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REVEALED: How Fela’s music influenced Burna Boy

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•Burna Boy on stage

…His grandpa, Benson Idonije speaks on how he met Fela

…Burna Boy’s interest in Miles Davis, Manu Dibango, Hugh Masekele, Angelique Kidjo, Jimi Hendrix

…What will happen if Burna Boy wins the Grammy Award tomorrow

…How he dropped Saxophone for marriage

By Fred Iwenjora

Benson Idonije made a big name as a renowned broadcaster, presenter, music critic and music manager.

For 35 years he talked to lovers of music on radio and taught many broadcasters across Africa on how to be the best in the trade. He also spent another 20 years writing about music for the Guardian.

READ ALSO: ‘Educate yourself’

He was Fela’s manager at a time.

In this chat with FRED IWENJORA, he traces his broadcasting years, his deep involvement in music despite that he never made any albums.

Aside this, he expresses his good wishes for his grandson, internationally renowned musician Burna Boy who is nominated for the 62nd edition of Grammy awards holding tomorrow  Sunday 26, January 2020 at the Staples Center Los Angeles, California.

You made a name in broadcasting..how did it all start?

I started broadcasting in 1957 as an engineering assistant and later moved into the main stream of the industry, Programs. By 1959 /60, I had become producer /presenter. And so in summary I would say that from 1957 to 1992, I did broadcasting and may not be able to tell you all I did chronologically except you ask specifically.

Who were your contemporaries?

I was a pioneer staff of the first FM station in Nigeria, Radio Nigeria 2, FM. The radio station started first at Ikoyi in 1977 before moving to Martins street in 1980. Ikenna Ndaguba was Director of that station and he was my boss.

Music and broadcasting seem to have a big link ….

Yes… a very big link. Lovers of music and musicologists who studied music were attracted to the radio at that time. I have always loved music and learnt to play in school but as an amateur.  It was my second fiddle. I play the organ. I did not study music but I learnt it.  It was just a flirtation with music but I loved sound. Around 1960, I started learning the sax because it always fascinated me from secondary school.

You see I attended secondary school in Sabongida Ora in Owan west LGA of Edo state. I come from a nearby village called Otuo which is close to Uzeba and Afuze. I was just an arts student to whom music meant much. Broadcasting became the closest reality of a job offer.

When I relocated to Lagos,  I musically got under the wings and tutelage of one great alto saxophonist Oludi Enuma . He played for Roy Chicago, leader of one of the most popular bands at the time in Nigeria; Rhythm Dandies. Roy was a contemporary of Rex Lawson, Victor Olaiya. Bobby Benson was their godfather, older and more experienced and exposed.

What do you recall of your first involvement with presentation on radio?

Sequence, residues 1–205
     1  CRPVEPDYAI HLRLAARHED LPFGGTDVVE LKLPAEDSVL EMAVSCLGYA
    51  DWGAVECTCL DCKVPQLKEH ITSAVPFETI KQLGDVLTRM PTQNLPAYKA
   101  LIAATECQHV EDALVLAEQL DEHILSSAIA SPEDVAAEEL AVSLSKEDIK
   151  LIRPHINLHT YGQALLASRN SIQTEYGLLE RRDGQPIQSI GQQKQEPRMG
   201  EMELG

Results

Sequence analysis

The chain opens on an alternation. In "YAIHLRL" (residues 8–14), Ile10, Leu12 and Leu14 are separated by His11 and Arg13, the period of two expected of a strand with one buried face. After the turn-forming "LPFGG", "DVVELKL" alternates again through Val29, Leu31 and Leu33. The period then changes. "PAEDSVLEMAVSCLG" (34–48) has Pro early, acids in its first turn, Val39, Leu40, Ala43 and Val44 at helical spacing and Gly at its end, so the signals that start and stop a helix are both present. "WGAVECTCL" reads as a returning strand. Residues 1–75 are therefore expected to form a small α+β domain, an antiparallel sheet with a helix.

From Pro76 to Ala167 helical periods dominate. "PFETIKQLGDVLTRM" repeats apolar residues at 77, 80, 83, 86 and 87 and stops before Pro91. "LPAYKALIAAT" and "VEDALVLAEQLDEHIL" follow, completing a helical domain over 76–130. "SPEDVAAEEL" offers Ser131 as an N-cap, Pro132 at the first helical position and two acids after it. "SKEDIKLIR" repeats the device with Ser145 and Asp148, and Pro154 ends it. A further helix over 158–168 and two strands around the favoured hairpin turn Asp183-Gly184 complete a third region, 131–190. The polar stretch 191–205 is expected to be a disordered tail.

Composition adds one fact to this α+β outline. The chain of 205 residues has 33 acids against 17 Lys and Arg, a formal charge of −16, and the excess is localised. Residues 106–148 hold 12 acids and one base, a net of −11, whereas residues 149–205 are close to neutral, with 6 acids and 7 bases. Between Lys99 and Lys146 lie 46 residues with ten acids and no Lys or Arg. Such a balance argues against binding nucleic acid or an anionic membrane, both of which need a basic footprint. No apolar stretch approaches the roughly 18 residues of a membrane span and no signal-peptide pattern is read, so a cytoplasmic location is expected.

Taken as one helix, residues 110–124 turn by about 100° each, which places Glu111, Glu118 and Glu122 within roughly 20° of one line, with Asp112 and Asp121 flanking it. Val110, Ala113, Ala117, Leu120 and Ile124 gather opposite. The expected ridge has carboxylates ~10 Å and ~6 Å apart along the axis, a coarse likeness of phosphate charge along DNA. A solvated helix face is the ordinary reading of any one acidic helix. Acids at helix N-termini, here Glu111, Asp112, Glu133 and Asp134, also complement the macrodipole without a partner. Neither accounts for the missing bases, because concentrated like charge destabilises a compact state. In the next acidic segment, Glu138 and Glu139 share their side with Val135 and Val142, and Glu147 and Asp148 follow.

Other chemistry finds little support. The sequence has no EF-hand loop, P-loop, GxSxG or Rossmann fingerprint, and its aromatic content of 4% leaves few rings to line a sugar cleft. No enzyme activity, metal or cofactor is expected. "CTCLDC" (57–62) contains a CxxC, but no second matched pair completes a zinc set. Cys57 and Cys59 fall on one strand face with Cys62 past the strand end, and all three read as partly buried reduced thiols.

I had become interested in lawn Tennis and met the biggest guns of the game in the country at the time. That was how I started covering lawn tennis news for our sports department. I also created several musical programmes for jazz and highlife music.  These made me to completely move to programmes in 1960 about three years after joining as an engineering assistant.

With your mastery of the organ and sax, did you not wish to make an album?

No.  I was just enjoying myself playing my organ away. I was enamored by the saxophone so I

started learning it too.  It was a little bit more difficult to master. I trained and drilled every evening after work at my Surulere base. It was when I was courting my wife. Whenever she came in the evening I was rehearsing and won’t have time for her. She was complaining bitterly until news got to her parents that she was going to be married to a musician. I quit all that sax learning in order to be married to her.

Do you think your musical interest is hereditary?

Not so. None of my parents did music but my friends and associates were musicians Like Roy Chicago himself, Oludi Enuma, Agu Noris and Fela much later. These people influenced my interest may be.

You also wrote for newspapers?

Yes… I contributed to the Spear Magazine, then edited by Tony Momoh. It was actually for the Morning Post that I wrote more about Jazz music.

However sometime during my later years in broadcasting, I was transferred to the FRCN Training school Shogunle, Lagos in 1983. I had been trained by the BBC in the Train The Trainer programmes and was prepared for teaching broadcasting. I later rose to be head of programmes and production department of the school and later the Chief Training officer. In those years we had students from all over Africa and I was required to write their various reports.  It was while doing that I developed interest in writing about broadcasting. At the time of my retirement, I was being invited to write for several newspapers.  I settled for the Guardian where I spent 20 years writing about broadcasting and music. I started in 1996. I wrote three columns every week.